Sunset for the MLP Structure?
Income-generating assets have had a challenging time since the pandemic began. Popular income vehicles like real estate investment trusts (REITs) and master limited partnerships (MLPs) have been especially hard-hit. Shut-down orders impacted the ability of tenants to pay rents, which hurt REITs. The plunge in energy prices negatively impacted MLPs, because the majority are pipeline MLPs.
MLPs Take a Hit
Until the oil price crash of 2014, MLPs had long been favored for their above average yields and stable returns. Many MLPs yielded 6%-8% and steadily grew those distributions year after year.
Midstream MLPs are typically viewed as toll collectors for oil and gas producers that use their pipelines. Their cash flows are protected by long-term, take-or-pay agreements. As such, their fortunes aren’t as subject to the ups and downs of oil and gas prices. But the oil price crash was so deep that it ultimately clobbered MLPs as well. That shook investor confidence in MLPs.
More events would follow that would decrease the attraction of the MLP structure versus a corporate structure.
In 2017, President Trump signed a tax reform bill that dropped the corporate income tax rate from 35% to 21%. This is great for corporations, but it significantly reduced the key tax advantage an MLP held over a corporation. This move made MLPs a less attractive option than they had been, because there is additional complexity in tax filing for MLP investors.
Second, a ruling by the Federal Energy Regulatory Commission (FERC) to reverse a longstanding policy on MLP tax costs for interstate pipelines drove up the cost of business for some companies. Several MLPs were significantly hurt by the FERC ruling, again reducing one of the advantages they held over a comparable corporation.
Finally, many MLPs pay incentive distribution rights (IDRs) to their sponsors. Elimination of IDRs has been cited as another incentive driving some MLPs to convert to corporations, because these IDRs can be a drag on growth after a while.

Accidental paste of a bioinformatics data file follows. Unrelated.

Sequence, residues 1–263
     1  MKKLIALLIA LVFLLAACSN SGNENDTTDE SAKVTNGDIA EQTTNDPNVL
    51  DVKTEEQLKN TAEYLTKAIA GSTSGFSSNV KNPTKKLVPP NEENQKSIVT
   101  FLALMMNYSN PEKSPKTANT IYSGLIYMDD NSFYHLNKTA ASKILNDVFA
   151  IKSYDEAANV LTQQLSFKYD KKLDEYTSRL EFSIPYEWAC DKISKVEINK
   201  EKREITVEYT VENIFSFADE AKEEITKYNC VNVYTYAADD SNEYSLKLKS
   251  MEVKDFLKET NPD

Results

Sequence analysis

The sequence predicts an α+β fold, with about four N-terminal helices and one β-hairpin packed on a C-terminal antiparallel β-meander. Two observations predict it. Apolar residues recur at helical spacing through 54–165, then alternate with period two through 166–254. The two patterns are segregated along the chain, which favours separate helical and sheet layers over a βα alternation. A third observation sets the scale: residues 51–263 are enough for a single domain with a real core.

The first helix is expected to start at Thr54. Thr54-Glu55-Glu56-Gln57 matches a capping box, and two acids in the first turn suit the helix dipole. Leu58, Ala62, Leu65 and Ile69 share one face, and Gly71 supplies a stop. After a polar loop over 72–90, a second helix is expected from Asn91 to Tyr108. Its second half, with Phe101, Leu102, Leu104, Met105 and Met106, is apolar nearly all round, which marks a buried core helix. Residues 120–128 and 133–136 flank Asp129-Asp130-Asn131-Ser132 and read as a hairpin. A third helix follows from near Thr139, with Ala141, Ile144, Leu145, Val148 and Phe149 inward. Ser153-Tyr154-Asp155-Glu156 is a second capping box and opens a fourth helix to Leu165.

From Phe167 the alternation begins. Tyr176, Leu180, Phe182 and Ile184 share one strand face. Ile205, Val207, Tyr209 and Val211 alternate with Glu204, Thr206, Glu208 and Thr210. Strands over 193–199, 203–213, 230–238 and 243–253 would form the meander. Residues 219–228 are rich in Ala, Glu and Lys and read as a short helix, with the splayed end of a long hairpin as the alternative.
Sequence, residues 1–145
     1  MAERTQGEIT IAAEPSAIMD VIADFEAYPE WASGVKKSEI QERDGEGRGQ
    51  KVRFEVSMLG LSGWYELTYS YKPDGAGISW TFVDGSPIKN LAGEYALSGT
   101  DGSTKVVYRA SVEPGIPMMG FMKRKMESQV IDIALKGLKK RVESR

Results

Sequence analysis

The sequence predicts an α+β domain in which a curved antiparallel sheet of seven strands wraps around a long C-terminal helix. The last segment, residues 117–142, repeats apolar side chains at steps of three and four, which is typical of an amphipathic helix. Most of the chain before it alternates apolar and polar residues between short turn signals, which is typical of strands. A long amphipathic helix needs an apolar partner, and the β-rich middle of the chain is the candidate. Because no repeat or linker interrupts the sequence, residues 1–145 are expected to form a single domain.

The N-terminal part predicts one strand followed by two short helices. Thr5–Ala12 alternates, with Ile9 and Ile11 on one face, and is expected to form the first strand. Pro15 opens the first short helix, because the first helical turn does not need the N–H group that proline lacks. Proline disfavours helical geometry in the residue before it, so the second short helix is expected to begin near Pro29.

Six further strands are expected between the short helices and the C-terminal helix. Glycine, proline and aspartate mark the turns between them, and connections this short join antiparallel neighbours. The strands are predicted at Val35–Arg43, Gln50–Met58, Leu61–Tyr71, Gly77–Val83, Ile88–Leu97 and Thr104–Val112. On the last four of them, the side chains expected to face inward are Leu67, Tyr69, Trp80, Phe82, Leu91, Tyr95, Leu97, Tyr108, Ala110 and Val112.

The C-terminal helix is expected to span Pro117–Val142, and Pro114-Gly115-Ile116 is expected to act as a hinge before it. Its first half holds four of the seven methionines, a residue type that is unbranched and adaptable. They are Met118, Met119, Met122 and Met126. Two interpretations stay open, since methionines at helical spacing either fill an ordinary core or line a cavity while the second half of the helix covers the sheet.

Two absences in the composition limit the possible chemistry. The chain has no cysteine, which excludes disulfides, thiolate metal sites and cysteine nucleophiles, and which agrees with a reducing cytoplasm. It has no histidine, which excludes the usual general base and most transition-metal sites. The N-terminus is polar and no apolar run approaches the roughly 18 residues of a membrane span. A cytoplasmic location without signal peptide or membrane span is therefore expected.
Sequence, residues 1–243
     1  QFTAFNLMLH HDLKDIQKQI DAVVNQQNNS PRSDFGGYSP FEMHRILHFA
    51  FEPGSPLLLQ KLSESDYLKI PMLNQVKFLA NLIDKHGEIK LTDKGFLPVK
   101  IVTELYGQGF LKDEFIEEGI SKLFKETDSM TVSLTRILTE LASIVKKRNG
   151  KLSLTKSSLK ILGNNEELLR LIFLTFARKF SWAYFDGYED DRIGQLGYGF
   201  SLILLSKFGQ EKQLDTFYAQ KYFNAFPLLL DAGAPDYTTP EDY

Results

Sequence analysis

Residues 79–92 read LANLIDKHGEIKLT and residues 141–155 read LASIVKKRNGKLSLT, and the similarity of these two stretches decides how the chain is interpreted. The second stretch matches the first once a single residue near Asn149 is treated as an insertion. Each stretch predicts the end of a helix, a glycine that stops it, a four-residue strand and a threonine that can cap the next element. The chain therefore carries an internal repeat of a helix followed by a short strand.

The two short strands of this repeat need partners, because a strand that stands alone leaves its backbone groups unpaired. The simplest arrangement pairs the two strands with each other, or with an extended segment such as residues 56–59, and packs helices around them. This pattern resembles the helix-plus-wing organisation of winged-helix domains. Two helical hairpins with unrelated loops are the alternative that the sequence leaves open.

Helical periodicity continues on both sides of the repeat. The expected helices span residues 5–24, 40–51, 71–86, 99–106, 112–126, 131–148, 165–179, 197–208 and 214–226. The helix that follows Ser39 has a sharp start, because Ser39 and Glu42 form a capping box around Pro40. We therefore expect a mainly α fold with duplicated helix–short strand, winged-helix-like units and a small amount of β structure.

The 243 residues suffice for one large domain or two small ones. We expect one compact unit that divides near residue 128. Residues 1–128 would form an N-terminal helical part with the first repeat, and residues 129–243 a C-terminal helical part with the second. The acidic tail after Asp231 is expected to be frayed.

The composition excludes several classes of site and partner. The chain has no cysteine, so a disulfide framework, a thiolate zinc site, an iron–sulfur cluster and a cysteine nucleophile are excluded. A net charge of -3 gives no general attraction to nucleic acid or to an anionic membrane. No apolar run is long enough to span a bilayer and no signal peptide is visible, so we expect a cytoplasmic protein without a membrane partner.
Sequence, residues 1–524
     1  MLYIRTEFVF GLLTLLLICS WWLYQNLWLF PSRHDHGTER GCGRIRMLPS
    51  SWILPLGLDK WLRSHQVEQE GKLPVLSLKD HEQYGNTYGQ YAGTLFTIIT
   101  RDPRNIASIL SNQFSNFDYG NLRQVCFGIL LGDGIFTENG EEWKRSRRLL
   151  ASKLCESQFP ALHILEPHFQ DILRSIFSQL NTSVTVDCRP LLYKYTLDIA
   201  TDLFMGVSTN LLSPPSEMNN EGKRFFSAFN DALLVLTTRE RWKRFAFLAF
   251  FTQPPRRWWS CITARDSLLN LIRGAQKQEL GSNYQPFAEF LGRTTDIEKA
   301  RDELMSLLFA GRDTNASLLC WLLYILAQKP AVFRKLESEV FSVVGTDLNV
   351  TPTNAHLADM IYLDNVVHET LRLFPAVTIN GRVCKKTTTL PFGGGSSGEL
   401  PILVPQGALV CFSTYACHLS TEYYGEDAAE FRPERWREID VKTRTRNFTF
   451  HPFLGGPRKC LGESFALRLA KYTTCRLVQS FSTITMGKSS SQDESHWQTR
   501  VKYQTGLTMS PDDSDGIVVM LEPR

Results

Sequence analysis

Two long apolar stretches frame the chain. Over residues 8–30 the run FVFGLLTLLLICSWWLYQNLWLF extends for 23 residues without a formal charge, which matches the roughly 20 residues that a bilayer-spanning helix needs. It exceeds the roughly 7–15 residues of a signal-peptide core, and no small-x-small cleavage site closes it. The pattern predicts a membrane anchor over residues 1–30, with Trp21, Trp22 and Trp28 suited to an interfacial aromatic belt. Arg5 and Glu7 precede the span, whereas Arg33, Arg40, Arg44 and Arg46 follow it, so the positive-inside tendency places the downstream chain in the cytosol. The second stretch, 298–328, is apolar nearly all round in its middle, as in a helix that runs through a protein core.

These factors combined to shrink the pool of MLPs as many converted to corporations. That in turn resulted in institutional capital exiting MLPs, which has created net selling pressure on the sector.
Many of the remaining MLPs have publicly discussed the possibility of converting. There is plenty of evidence that the market is now favoring a corporate structure over the MLP structure.
A Case Study
Brookfield Infrastructure Partners LP (NYSE: BIP) provides an instructive example. Last September, this MLP announced that it was going to spin off a new class of shares based on a corporate structure. The details, from the press release announcing the creation of the shares, explained the motivation:
“The class A shares will be structured with the intention of being economically equivalent to units of BIP, including identical distributions. The class A shares are intended to allow investors the ability to own the equivalent economic exposure to BIP, including identical distributions, through a traditional corporate structure.
The benefits of the creation of BIPC will be:
- Potential enhanced demand from U.S. retail investors due to more favorable tax attributes,
- Potential increased demand from institutional investors who are currently unable, or prefer not to, own partnership units, and
- The ability to qualify for further index inclusion, which is not available today.”
As a BIP unit-holder, this spin-off was of particular interest to me. Note that the reason for the spin-off is purely to create more demand for the shares over the MLP units, which are otherwise identical in every way.
I watched with interest as my new BIPC shares handily outperformed the BIP units. In fact, BIPC outperformed BIP nearly from the start:
Keep in mind that the company underlying these two symbols is exactly the same. The only difference is higher demand for shares over MLP units.
If you hold an MLP, probably the best thing that can happen is a conversion to a corporation. Even though MLPs do still have some tax advantages over corporations, at this point the market is punishing the MLP structure. There is a compelling case to be made for converting, because it will unlock shareholder value by increasing the demand pool for shares.
I have had my doubts as to whether this was the right course of action, but the BIP/BIPC example is compelling.
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